This was nonstop art week between the opening of the Whitney Biennial and the art shows. The Armory Show is held at Piers 92 and 94 in New York City and is perhaps the best advertised and attended art show of the week. I have gone to both the Armory Show and ADAA's the Art Show for years and it has been interesting to see the progression of each. This year I had the pleasure of visiting both shows with a well-regarded art dealer who had exhibited at the Art Show for many years and it was interesting to gain from her perspective.
The Armory Show does extensive advertising and marketing, and offers a contemporary and modern section (if you need a break visit the modern section which is much quieter and less crowded; I always like to pick up a sandwich or a chocolate chip cookie to keep me going through the exhibits as there is so much art to see). The Art Show in comparison does very little advertising and, in it's 26th year, is the nation's longest running fine art fair representing 170 of the nation's leading galleries in the fine arts. The opening night benefits the Henry Street Settlement, a not-for-profit agency that provides social service, arts and health care programs to New Yorkers of all ages. The exhibitors are all members of the Art Dealer's Association of America. What I have slowly noticed, however, is that there has been a migration from the Armory Show to the Art Show. The Armory show used to have many of the top notch blue-chip New York art galleries but many now appear at the Art Show. Some exhibit at both shows, including CRG Gallery, Lehmann Maupin, Sean Kelly Gallery, Hirshl and Adler and David Zwirner. Others are solely exhibiting at the Art Show -- 303 Gallery, Marianne Boesky, Marian Goodman, Galerie Lelong, Luhring Augustine, Metro Pictures, Pace Gallery, Salon 94, Sperone Westwater, Cheim & Read and Matthew Marks. The Art Show used to be filled with galleries from the modern period and they are disappearing, replaced by more well known contemporary galleries. I find that sad as it provided a nice contrast with the Armory Show.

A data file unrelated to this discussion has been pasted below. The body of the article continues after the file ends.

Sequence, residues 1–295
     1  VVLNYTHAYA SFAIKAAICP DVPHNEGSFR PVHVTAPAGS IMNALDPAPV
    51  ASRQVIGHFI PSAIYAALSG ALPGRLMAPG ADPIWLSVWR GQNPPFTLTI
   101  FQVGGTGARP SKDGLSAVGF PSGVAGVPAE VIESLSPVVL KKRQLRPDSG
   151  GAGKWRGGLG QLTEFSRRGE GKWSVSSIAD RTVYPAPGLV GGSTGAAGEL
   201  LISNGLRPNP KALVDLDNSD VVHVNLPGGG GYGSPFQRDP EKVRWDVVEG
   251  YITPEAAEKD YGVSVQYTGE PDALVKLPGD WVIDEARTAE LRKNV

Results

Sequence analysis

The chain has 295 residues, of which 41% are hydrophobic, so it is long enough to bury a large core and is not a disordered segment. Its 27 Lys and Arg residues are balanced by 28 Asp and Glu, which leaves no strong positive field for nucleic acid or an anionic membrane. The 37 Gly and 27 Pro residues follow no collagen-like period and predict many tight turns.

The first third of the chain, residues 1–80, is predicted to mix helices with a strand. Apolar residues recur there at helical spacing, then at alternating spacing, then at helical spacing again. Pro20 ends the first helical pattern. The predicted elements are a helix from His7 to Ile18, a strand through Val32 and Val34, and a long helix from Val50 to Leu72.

A great time to visit the Art Show is Wednesday while all the VIPS are at the Armory Show -- it is quiet and meditative and affords time to look at the art. You can also walk a few blocks to visit the Whitney Biennial, which, when I was there for the opening was not quiet and didn't afford a good chance to view the art because of the crowds. I look forward to going back.